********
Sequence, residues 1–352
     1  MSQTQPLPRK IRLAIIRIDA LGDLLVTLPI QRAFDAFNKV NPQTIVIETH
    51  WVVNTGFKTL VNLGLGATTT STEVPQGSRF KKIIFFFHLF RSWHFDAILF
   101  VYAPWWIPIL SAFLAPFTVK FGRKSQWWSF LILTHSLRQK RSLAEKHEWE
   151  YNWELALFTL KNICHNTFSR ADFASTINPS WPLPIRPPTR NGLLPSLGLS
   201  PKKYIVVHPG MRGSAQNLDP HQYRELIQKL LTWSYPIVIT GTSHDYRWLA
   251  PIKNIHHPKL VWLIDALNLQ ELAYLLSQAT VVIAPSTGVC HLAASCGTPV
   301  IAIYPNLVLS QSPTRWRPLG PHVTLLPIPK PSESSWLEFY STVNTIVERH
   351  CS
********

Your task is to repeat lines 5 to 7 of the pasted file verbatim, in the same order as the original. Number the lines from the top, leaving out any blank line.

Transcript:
   151  YNWELALFTL KNICHNTFSR ADFASTINPS WPLPIRPPTR NGLLPSLGLS
   201  PKKYIVVHPG MRGSAQNLDP HQYRELIQKL LTWSYPIVIT GTSHDYRWLA
   251  PIKNIHHPKL VWLIDALNLQ ELAYLLSQAT VVIAPSTGVC HLAASCGTPV